In the past few years, Google has made concerted efforts to target the enterprise cloud computing space. At Next 2017, more than 11,000 customers, partners, developers, and analysts, including Forrester, joined Google in San Francisco, Calif., to learn more about Google Cloud's latest enterprise updates. Here's our quick assessment from a CIO and CTO perspective:
- Google Cloud's enterprise pitch as a public cloud vendor has potential for tech leaders. Google primarily competes with Amazon Web Services (AWS), Azure, and IBM in the cloud platform segment. Our impression is that Google offers superior technology compared with many other vendors in the enterprise space -- but not all. Google has a good IaaS (Infrastructure as a Service) story, but its PaaS (Platform as a Service) capabilities lag behind AWS. Google is not about to dethrone AWS or Azure right now, but it has a good chance to become a powerful competitor to them as it expands globally.
- Google Cloud builds AI into its cloud offerings. Google understands that cognitive capabilities will be the next strategic differentiator for cloud vendors. Its strategy is to leverage its vast treasure trove of data to help customers gain insights that they can use to drive revenue. If executed well, this could give Google a formidable competitive advantage. To reinforce its AI capabilities, Google recently hired the Director of the Stanford Artificial Intelligence Lab and the Stanford Vision Lab on secondment from Stanford. But turning academic capability into business outcomes isn't easy. With the help of its partner ecosystem, Google may be successful in creating a cognitive cloud platform to rival IBM Watson. Google Cloud announced early AI customers, including Airbus, Evernote, HSBC, and USAA. We expect Google to continue investing in AI technology capabilities to carve out market differentiation in this area.
- Google Cloud doesn't deliver sector insights or sector-specific business process expertise. To be fair, Google doesn't pretend to have such expertise either. It is a technology provider and relies on partners for vertical industry knowledge. To make progress, Google must improve its understanding of the differences between B2C and B2B requirements and expectations. Awesome technology only gets you so far. Moreover, Google must demonstrate that it can scale its offering globally as well as outline how it intends to meet the many different and increasing regulatory and compliance-related challenges.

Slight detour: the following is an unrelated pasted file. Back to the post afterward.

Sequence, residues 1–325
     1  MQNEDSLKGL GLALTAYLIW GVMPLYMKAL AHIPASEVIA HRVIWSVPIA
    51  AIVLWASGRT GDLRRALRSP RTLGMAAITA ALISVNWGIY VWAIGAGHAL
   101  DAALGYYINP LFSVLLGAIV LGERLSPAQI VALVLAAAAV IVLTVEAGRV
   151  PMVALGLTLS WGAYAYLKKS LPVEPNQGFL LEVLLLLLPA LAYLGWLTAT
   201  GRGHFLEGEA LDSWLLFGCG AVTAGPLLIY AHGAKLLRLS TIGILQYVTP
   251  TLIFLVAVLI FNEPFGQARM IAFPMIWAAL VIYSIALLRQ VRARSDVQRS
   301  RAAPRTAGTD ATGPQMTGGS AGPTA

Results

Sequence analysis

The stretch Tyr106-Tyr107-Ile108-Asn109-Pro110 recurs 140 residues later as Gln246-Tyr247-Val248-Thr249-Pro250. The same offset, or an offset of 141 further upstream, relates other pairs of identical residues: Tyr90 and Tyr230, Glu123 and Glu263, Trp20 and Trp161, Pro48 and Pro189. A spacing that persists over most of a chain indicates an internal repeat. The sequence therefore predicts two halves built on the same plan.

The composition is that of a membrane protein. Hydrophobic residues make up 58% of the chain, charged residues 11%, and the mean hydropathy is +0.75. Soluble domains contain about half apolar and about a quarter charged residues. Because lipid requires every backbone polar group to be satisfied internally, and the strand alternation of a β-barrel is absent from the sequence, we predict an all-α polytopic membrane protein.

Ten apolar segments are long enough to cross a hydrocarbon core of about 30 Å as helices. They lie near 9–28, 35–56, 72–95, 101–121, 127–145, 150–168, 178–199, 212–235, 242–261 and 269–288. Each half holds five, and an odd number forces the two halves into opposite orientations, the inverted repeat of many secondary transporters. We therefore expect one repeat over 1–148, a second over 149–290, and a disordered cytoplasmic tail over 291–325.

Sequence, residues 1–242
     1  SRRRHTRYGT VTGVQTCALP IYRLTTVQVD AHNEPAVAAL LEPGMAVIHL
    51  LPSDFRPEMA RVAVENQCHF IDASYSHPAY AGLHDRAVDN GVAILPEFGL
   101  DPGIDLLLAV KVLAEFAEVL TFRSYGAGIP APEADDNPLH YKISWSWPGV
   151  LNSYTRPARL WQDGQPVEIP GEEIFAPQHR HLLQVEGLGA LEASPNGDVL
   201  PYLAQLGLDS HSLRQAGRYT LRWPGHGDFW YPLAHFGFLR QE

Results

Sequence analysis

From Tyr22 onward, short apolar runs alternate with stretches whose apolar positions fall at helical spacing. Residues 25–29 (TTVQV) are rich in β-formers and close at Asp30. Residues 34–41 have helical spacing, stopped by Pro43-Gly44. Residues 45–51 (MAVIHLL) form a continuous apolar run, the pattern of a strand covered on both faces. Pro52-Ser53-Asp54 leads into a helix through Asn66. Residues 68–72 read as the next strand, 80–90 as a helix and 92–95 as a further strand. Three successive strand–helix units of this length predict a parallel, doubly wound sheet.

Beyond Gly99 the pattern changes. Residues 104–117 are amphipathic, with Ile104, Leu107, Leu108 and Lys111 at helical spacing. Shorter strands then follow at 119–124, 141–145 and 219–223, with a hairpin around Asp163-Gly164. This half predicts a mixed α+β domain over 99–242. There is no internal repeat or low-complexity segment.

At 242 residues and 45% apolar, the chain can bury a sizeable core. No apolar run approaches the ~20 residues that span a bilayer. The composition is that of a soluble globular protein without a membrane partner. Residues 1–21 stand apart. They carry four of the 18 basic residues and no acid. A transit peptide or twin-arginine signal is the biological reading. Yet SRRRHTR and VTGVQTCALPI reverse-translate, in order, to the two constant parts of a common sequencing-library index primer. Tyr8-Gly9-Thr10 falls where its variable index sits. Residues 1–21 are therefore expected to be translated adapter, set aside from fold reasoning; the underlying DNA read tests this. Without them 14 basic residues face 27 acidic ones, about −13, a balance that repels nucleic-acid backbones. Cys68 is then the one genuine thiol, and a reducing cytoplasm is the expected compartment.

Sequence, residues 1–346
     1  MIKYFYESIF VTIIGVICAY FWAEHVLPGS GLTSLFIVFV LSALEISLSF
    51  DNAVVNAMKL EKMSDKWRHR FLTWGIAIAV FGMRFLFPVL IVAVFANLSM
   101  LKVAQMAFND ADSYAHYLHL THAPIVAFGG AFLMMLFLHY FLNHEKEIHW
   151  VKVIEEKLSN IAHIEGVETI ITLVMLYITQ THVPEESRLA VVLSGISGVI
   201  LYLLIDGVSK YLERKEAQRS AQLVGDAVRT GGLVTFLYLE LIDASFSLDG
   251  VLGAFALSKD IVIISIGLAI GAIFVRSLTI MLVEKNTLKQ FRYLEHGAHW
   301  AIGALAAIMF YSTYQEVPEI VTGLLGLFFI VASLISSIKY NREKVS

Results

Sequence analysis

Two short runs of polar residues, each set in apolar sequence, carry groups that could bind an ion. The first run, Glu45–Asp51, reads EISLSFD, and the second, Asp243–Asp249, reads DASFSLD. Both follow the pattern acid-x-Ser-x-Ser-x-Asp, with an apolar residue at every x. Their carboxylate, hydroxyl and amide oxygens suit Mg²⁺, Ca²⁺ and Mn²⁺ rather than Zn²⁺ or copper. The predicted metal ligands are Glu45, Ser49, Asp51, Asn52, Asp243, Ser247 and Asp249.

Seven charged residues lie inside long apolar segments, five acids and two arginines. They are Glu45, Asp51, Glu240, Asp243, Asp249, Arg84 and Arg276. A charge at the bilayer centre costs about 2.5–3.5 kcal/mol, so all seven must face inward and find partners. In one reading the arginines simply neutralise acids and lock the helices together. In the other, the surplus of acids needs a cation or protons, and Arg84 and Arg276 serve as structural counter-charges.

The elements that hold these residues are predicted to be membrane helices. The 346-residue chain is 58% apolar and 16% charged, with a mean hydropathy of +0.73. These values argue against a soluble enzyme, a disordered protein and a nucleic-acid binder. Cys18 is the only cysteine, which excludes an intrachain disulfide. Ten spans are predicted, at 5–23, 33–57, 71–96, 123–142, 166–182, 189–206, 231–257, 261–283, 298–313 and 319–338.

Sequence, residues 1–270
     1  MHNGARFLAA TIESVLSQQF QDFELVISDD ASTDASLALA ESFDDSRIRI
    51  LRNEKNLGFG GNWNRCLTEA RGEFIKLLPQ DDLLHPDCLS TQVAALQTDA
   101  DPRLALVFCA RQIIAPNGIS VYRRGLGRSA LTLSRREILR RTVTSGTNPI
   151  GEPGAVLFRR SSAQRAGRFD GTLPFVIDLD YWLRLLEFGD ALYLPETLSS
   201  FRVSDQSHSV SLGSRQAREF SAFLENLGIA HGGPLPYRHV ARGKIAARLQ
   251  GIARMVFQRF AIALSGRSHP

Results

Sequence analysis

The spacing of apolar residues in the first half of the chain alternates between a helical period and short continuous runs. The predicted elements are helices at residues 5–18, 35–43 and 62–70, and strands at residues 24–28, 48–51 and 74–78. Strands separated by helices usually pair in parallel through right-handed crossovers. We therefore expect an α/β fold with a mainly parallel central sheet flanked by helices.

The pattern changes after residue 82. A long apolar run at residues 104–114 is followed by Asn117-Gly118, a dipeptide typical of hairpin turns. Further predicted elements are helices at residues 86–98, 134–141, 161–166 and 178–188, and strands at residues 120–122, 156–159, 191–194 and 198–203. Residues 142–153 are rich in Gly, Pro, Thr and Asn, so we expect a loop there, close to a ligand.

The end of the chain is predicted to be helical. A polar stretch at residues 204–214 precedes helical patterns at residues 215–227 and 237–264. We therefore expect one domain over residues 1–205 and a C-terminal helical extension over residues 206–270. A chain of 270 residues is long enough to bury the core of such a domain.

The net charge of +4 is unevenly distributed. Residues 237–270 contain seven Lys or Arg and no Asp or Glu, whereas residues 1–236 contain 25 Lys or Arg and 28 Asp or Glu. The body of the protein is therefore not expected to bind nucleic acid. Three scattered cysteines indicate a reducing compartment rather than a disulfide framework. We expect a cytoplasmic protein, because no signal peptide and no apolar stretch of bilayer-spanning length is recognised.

- Google Cloud's systems integrator (SI) partners are leading business process redesign. CIOs and CTOs looking for a business process solution provider will need to consider vendors that provide platform services, such as IBM. Google shows signs of learning from AWS, which was weak in selling to "enterprises" even just a few years ago. AWS opted to sell an on-demand toolkit to build amazing things without needing lengthy negotiations with IT departments and costly implementation deals involving global systems integrators. AWS created a solution and SI partner network to build and run services on the platform and to explain the platform to enterprises on its behalf. Like AWS, Google has worked to grow its own partner ecosystem among SIs to help these partners sell into the enterprise. While Google has already established partnerships with Accenture, Deloitte, and PwC, it is still building a more extended ecosystem. But although Google currently lags its competitors in this area, it has the resources to catch up.
- Google Cloud must improve its messaging to reach more C-suite buyers. Google is, without doubt, a great tech company, but the overriding impression among Forrester analysts attending the event was that Google Cloud has considerable room to improve its overall enterprise messaging. While Google Cloud made 100 technology announcements at the event, this is generally not how CIOs or CTOs screen the vendor landscape for new strategic partners. To win beyond its cloud pitch, Google needs to improve its storytelling: The Google Cloud narrative must focus on selling its strategic business outcomes, demonstrating how it partners with customers to drive their revenues, and packaging it's amazing technology capabilities into coherent product suites for business success.
Dan Bieler is principal analyst at Forrester. Follow Dan on Twitter: @DSBieler.
This post was produced in collaboration with Nigel Fenwick and Glenn O'Donnell.
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